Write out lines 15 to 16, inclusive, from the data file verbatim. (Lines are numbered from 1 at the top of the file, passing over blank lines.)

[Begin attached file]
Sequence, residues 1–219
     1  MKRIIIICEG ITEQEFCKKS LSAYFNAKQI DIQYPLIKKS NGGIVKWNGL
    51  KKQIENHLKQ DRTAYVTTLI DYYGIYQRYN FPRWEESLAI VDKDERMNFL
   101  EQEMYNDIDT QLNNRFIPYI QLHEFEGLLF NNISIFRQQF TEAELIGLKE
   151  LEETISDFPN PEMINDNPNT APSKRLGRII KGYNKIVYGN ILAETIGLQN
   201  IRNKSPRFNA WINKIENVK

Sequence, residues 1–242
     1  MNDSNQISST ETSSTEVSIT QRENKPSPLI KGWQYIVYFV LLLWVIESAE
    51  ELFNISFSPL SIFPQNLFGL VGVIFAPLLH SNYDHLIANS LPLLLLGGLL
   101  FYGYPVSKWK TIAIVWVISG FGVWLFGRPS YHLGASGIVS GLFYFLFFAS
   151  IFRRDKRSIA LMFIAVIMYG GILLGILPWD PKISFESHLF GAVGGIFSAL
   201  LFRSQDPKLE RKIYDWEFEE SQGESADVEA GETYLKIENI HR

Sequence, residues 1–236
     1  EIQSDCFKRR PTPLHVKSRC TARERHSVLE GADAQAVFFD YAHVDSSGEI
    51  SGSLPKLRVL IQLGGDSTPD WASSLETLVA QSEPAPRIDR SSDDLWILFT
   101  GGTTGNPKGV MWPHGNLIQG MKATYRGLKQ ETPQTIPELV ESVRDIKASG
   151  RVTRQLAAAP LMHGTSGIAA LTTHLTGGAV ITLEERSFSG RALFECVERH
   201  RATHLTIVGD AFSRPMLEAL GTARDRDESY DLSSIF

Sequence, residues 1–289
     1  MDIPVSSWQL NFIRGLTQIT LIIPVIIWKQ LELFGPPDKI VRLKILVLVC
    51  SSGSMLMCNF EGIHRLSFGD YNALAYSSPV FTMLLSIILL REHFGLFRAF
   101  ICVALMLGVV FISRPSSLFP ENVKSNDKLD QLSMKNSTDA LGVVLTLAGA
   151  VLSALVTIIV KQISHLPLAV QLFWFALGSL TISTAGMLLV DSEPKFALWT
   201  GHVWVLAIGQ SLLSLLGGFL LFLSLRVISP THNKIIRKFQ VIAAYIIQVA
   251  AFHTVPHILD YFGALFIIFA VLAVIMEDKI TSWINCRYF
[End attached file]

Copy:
    51  SGSLPKLRVL IQLGGDSTPD WASSLETLVA QSEPAPRIDR SSDDLWILFT
   101  GGTTGNPKGV MWPHGNLIQG MKATYRGLKQ ETPQTIPELV ESVRDIKASG